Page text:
Lack of sleep is an issue many experience, and Dr. Veloso breaks down how “Sleep Slows Senescence”. He shares an anecdote about an otherwise healthy young Chinese man who “died after going 11 days without sleep as he attempted to watch every game in the 2012 European Soccer Championship”. Every living organism sleeps, from “microscopic cyanobacteria to gigantic blue whales to massive sequoia trees”.    

This 2020-published book also address COVID-19, and delivers advice on how best to protect oneself from the global virus. As well, it addresses the efficacy of vaccination, “one of the greatest advances in public health in the history of mankind,” and puts vaccination risk into dramatic perspective: There’s a “1 in 1,000,000 risk of death for all types of vaccinations” compared to “1 in 6,250” for driving, and “1 in 100,000” for dancing!   

Dr. Veloso’s remarkable handbook for healthy living is a tremendously enjoyable resource.



“The Day I Lost My Bear in Cypress Hills: Adventures of the Barnyard Boys”

Written by M Larson, Illustrated by Kaustuv Brahmachari

Published by M Larson Books

Review by Shelley A. Leedahl

$13.99  ISBN 978-1-7753218-5-9


Melanie Larson’s children’s book, The Day I Lost My Bear in Cypress Hills (Adventures of the Barnyard Boys), is a simply told and colourfully illustrated day-in-the-life story of five-year-old Finn and his family. Finn wakes at his grandparents’ log cabin in Cypress Hills, raring to begin an adventurous day with activities that range from swimming lessons to rock climbing. As the title reveals, the enthusiastic boy loses his treasured “stuffie” during the day, and he “[needs] his bear to sleep!”

The book features large-font text and bright images – the illustrator nailed Cypress Hills, with its distinctive evergreens (including Lodgepole pines) featured on nearly every image. I suggest that this upbeat story be read to and by youngsters for its vibrant celebration of the great outdoors, and its display of how much fun can be had doing things that don’t require anything but an imagination. Particularly now, during a global pandemic, it’s so beneficial for children of all ages to discover how it’s the little things - like going for a walk with one’s family, hot dog roasts, or stargazing - that often provide the most joy and remain in memory.

Finn and his brothers Owen and Dez ride bikes, play in the lake, build sandcastles, and hike: “We collected pine cones, sticks and bugs.” They visit the local museum and see a mounted “cougar, a moose and even a beaver dam”. The protagonist’s beloved bear appears in many of the illustrations, and as a bonus, Larson’s included a pictorial inventory of Cypress Hills’ creatures - both winged and land-based - at the end of the story, and invites readers to find the images in the book.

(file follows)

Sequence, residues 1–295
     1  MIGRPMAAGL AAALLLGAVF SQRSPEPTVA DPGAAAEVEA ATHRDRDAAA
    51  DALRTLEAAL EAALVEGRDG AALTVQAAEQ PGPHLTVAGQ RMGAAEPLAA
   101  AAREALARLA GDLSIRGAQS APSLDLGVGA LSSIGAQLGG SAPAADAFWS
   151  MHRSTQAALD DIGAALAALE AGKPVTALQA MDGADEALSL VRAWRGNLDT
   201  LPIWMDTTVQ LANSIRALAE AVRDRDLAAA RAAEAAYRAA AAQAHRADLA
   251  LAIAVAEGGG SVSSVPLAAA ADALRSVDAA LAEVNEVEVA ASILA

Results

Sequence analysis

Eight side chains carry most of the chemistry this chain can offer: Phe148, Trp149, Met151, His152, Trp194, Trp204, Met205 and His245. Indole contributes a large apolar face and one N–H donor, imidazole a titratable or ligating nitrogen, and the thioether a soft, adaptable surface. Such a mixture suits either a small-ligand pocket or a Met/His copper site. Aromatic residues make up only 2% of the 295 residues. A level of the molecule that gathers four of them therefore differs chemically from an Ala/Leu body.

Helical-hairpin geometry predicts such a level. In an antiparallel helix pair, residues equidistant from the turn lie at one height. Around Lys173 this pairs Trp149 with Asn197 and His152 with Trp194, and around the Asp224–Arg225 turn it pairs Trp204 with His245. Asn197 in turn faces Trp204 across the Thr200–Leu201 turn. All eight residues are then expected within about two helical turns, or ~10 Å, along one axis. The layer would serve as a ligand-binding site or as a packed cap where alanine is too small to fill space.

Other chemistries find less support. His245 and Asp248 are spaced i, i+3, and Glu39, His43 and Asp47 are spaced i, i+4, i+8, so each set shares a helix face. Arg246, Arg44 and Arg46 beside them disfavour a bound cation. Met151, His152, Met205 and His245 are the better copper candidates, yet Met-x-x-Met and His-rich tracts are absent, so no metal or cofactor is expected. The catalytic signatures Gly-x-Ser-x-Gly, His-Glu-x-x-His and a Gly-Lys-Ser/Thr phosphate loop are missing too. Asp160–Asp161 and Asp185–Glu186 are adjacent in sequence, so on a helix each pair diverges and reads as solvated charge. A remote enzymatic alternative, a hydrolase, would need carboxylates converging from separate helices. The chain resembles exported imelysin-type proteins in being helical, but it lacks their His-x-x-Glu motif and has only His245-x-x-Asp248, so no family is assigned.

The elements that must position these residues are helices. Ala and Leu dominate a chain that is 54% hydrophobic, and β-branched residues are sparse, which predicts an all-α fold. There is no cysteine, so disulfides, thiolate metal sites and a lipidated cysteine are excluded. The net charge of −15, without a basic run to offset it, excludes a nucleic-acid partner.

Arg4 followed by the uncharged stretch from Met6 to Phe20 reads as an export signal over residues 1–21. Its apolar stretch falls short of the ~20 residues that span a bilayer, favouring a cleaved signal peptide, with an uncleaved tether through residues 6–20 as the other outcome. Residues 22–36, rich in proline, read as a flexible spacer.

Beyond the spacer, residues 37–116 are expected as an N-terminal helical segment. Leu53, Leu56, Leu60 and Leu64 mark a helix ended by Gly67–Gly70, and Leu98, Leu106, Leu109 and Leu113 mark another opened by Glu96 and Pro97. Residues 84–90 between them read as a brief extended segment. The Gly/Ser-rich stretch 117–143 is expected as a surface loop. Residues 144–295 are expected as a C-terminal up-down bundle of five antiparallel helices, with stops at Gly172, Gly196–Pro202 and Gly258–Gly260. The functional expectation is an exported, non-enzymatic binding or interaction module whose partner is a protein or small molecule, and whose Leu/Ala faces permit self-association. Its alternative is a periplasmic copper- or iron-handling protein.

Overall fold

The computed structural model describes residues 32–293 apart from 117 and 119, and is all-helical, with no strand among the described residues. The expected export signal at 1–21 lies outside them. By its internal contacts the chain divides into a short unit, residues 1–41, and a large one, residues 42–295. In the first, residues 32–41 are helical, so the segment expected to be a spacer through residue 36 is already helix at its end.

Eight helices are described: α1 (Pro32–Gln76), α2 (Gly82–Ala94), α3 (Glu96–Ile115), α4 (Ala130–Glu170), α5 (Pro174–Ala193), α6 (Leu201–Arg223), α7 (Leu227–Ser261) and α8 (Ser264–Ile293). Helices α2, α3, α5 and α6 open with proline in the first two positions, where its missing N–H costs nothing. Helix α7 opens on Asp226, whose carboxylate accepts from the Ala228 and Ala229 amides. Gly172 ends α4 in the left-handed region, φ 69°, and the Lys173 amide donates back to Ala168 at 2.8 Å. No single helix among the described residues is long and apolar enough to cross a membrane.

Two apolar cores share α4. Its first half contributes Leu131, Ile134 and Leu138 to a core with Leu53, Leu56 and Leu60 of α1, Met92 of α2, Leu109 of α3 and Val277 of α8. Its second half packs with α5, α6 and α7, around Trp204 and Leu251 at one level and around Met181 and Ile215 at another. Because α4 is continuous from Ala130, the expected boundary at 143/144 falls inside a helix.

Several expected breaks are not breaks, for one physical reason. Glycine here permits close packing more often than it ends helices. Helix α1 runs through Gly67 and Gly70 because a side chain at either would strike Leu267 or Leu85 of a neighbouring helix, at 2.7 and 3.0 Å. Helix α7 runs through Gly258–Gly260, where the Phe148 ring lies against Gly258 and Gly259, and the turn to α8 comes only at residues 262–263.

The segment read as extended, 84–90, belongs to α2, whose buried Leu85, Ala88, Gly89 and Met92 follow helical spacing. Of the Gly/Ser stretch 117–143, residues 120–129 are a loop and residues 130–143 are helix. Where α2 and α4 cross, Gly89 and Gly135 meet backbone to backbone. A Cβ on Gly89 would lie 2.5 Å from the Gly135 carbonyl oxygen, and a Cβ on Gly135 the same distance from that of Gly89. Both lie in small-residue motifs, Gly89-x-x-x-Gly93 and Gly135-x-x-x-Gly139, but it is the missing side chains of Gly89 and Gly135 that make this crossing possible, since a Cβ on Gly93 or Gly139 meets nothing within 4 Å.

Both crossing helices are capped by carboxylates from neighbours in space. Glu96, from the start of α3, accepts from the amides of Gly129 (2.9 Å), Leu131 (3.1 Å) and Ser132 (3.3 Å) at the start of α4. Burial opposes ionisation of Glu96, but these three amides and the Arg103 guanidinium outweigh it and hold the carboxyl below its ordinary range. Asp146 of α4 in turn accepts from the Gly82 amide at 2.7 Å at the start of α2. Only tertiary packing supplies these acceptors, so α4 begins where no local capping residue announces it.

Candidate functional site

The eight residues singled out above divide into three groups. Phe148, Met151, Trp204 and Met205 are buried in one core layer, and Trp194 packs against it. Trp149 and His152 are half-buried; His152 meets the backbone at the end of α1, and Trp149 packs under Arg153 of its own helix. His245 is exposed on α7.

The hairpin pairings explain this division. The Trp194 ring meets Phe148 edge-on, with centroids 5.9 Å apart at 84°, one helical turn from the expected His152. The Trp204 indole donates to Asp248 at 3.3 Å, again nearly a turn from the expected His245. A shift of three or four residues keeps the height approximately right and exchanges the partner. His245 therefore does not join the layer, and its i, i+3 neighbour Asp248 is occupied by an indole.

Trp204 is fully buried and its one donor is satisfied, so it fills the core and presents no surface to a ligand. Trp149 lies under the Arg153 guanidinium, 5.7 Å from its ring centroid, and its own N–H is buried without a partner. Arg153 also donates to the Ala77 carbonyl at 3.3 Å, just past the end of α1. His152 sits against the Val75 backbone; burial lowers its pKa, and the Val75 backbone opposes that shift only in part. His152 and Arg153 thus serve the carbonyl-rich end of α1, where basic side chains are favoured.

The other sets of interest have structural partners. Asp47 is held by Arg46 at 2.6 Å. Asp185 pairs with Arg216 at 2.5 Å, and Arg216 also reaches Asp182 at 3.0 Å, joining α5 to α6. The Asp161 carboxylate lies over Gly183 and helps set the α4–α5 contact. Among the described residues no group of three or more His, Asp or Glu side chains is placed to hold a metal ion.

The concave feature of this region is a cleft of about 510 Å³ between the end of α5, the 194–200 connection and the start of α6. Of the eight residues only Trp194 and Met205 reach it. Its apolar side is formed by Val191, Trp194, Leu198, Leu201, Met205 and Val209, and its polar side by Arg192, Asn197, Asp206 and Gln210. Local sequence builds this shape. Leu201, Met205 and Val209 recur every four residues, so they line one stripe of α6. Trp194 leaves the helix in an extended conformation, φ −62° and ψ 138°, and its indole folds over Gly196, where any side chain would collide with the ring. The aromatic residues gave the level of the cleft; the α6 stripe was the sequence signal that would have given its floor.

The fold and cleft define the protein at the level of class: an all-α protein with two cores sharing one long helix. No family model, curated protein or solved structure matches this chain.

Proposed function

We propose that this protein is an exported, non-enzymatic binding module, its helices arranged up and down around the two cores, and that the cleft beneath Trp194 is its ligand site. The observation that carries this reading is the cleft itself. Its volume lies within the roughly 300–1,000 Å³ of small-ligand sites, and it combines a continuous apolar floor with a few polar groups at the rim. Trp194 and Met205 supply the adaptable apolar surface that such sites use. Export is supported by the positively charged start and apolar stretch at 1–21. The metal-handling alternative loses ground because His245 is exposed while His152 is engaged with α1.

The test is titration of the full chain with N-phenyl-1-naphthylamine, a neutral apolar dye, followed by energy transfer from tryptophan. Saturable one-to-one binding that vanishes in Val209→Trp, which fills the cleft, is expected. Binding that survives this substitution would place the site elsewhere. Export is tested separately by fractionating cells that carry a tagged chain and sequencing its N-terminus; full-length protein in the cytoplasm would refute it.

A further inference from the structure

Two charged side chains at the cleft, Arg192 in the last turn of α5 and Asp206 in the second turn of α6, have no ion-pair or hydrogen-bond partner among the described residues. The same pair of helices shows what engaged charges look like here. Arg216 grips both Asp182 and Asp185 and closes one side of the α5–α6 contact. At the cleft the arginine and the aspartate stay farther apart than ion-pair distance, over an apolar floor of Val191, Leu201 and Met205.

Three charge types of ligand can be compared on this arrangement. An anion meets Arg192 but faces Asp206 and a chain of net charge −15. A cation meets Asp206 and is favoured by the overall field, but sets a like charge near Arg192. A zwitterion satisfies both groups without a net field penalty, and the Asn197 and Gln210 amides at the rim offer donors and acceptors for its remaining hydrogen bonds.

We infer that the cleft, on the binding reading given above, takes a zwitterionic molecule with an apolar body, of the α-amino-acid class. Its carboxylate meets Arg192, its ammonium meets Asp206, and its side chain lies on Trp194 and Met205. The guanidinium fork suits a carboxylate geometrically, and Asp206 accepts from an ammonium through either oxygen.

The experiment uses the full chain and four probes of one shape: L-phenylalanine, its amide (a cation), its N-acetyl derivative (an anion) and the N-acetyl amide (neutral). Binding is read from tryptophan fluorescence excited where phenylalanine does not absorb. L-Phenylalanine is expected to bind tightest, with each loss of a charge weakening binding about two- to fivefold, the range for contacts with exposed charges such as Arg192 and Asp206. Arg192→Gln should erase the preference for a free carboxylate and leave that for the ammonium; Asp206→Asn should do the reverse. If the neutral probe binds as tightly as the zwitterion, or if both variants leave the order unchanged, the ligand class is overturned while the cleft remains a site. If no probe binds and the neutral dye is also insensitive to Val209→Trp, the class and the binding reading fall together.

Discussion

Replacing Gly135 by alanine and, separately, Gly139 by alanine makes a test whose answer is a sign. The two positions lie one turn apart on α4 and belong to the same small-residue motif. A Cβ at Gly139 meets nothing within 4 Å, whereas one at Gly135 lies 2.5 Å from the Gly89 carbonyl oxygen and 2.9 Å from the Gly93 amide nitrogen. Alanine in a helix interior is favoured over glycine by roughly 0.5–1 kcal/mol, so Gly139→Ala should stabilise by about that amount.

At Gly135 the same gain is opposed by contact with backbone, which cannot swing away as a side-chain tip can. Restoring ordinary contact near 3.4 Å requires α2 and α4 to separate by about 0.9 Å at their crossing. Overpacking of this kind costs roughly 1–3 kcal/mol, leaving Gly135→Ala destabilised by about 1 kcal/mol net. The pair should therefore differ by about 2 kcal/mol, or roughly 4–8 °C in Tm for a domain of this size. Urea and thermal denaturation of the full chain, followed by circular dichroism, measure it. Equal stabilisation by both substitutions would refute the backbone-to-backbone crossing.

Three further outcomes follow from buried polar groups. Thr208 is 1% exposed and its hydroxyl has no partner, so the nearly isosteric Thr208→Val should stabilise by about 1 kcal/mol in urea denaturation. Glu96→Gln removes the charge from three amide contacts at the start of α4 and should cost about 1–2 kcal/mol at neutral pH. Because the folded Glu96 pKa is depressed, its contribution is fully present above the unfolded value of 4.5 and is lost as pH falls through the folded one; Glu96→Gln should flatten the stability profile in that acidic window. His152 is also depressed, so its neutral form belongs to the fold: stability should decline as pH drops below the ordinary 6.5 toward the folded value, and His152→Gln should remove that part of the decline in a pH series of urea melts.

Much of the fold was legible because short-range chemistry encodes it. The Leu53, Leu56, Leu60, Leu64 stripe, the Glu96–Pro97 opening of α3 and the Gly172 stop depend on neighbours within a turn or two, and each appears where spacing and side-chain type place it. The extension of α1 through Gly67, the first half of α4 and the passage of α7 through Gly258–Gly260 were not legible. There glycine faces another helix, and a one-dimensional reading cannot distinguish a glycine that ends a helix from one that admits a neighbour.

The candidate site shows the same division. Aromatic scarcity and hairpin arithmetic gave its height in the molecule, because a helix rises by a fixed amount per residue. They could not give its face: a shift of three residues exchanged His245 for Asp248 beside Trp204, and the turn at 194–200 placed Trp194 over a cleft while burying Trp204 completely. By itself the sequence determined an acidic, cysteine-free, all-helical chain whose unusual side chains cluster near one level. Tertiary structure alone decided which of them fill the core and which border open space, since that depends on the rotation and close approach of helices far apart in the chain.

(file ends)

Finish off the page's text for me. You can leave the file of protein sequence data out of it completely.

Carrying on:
Larson worked as an Environmental Consultant prior to writing children’s books, and the rural mother of three previously published Count Them! 50 Tractor Troubles, “to help her children learn to count and spell to 50 while learning farm safety”. Her illustrator, Brahmachari, is also an animator - with “many clients from all over the world” - and his large-eyed, expressive characters romp delightfully across the pages in their “fun-filled day!”

The writer and illustrator have teamed to create what any child might consider an ideal summer day, complete with Bubble Gum ice cream. When Finn’s ready to cuddle Bear and “look at the bright stars before bed,” he realizes the bear’s been misplaced somewhere along the way and the search begins. I love how we see bats swooping through the dark between trees, and Finn’s mom holds a protective arm over her head, just as this woman would do. Will the boy ever “hold Bear again”?

Though this well-produced book might be especially prized by anyone who’s visited Saskatchewan’s Cypress Hills, it’s certainly also a story to be enjoyed by young children anywhere. I recommend it for its outdoors and family-positive themes, and the overall cheery tone. I expect that Finn and his brothers will get up to many more adventures in the unique and beautiful southwestern corner of the province. Here’s to that!